Book Reviews, March 1969, March 1969

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“Milestones in a Motoring Life”, by Dudley Noble. 252 pp. 8 13/16 in. x 5 7/16 in. (The Queen Anne Press Ltd., Giles House, 49, Poland Street, London, W.1. 36s.)

If 1969 continues like this, book-reviewing for Motor Sport is going to be very enjoyable! Because Dudley Noble’s keenly anticipated autobiography of a busy motoring life fully lives up to the enthusiasm with which we awaited it. It captures admirably the very early days of motoring journalism and life in a London suburb at the turn of the century. On the latter count Noble is quite a match for the established recounters of period history. His craving to travel led him into the Motor Trade, first as a tester of Rover motorcycles. This led on to a considerable position with the Rover Company. For young Noble had plenty of initiative. Before the First World War, for instance, he contrived to get a film made free for Rover, showing how their motorcycles were built and tested, which resulted in a pay increase of 6d. an hour! This was probably the first documentary on the Motor Industry and is now in the National Film Archives.

Dudley Noble tells of how he first went abroad in 1913, riding a Rover solo in the Paris-Nice Trial, retiring when all the luggage fell off. This was the forerunner of subsequent adventurous journeys innumerable, which are graphically and fascinatingly described in “Milestones in a Motoring Life”. Noble does not omit interesting details of shortcomings which assailed famous motorcycles and cars; if you read his book you will know of the nasty trouble developed by the very early Rover motorcycles, of what happened to 9/20 Rover worm-drive back axles and to a pioneering attempt to put an electric starter on a 1919 Rover Fourteen, and the inside story of the failure of the complicated Poppe-designed 14/45 and 14/65 Rovers (there is no mention of the reasonably-successful Brooklands Rover).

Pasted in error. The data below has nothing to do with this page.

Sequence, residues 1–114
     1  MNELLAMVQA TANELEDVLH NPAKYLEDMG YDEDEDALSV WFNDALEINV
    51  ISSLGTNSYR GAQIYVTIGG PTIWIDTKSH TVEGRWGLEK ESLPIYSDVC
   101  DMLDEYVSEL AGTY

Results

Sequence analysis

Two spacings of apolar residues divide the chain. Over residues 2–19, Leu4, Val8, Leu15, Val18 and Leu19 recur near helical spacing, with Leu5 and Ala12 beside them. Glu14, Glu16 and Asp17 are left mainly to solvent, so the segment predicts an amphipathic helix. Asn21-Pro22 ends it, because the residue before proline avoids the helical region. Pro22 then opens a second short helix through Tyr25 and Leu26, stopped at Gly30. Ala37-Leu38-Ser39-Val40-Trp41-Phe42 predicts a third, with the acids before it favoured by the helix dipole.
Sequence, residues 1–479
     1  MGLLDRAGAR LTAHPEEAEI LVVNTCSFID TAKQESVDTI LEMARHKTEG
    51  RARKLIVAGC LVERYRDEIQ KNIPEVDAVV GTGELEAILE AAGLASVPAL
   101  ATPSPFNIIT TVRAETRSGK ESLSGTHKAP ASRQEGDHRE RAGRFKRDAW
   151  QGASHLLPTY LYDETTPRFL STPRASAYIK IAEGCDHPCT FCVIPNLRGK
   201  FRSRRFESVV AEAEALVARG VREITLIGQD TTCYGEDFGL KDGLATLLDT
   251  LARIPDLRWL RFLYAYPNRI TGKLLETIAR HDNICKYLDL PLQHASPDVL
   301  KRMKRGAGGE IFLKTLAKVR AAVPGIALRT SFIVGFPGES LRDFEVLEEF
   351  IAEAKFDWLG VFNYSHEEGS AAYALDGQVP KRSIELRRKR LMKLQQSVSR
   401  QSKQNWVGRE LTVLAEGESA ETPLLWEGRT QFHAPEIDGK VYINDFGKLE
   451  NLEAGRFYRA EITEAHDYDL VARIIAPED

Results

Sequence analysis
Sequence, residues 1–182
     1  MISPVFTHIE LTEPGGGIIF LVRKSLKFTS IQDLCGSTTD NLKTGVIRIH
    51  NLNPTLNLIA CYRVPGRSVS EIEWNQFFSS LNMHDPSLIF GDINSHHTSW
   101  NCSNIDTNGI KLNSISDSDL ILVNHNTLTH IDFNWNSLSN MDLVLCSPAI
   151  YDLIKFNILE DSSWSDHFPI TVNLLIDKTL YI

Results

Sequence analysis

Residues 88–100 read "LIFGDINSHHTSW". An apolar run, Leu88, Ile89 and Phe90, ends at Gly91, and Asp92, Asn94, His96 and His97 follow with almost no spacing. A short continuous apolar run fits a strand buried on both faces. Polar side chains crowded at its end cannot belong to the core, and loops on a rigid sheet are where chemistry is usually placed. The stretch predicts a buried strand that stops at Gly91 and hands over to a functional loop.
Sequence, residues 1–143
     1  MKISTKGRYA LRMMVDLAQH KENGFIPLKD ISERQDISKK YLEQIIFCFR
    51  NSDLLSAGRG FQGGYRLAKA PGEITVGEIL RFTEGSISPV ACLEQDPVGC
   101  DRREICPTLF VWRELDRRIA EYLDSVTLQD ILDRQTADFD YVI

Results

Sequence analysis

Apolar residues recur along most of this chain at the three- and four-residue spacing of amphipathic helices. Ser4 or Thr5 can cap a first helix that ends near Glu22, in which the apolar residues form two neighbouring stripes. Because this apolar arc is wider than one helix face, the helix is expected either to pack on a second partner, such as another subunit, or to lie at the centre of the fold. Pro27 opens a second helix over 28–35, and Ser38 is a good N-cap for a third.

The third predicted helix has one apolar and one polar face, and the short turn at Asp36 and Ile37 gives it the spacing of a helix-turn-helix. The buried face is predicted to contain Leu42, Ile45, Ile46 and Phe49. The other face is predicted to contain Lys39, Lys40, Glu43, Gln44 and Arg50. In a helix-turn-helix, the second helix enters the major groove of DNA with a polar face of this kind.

Dudley Noble’s publicity stunts for Rover are recounted in some detail and make it impossible to put his book down. The attempts to beat the “Blue Train” across France, not always successful, are not only interesting in themselves but are essays capturing splendidly the “feel” and atmosphere of Continental motoring in those times.

After Noble had left the Rover to join Rootes he developed his flair for publicity runs very successfully and in his book tells, again in fascinating detail, of how he took a Hillman Wizard, using a Hillman Vortic as tender car, with Harold Pemberton through Sahara heat and Alpine snows to boost its announcement at the Albert Hall in January 1931 (racing driver George Bedford read the maps) and of the near-disaster over the programmes for that important function, delayed three months because Wizard production didn’t go smoothly.

Then there is the story of the run from Coventry to Cairo in a Hillman 75 towing a Car Cruiser caravan and of the error made in designing the tow-bar, and how ten capitals were visited in ten days, using a 1937 Humber Snipe.

Having devoured this, you can read about a trouble-free trip across the Sahara in a Humber Snipe with de Normanville gearbox—”Motoring’s Sixth Sense”—towing a caravan through the soft sand, with A. J. Appleby, the then-Editor of The Autocar, one of the party. Other publicity stunts are described, not forgetting the attempt to race the Orient Express in a 1937 Humber Snipe which ended when the engine ran its big-ends for a very simple but astonishing reason, rectified directly as a result of the run. Noble took a 2-litre Sunbeam-Talbot to America on the J.C.C. Cavalcade of British Cars in 1938, covered the 1939 Monte Carlo Rally in the latest Humber Snipe with Gordon Wilkins, drove out to Poland when the Lithuanian frontier was re-opened in that year, using a Hillman Fourteen, and competed in the last pre-war R.A.C. Rally in Jack Barclay’s Rolls-Royce Wraith which had such startling items of equipment as a heater and screen demister, apart from innovations like a glass roof to woo the Concours d’Elegance judges. All this, and much more, is most interestingly described, Dudley being a seasoned motoring writer when this reviewer was a Motor Sport contributor just out of short pants earning distinctly nominal fees. . . .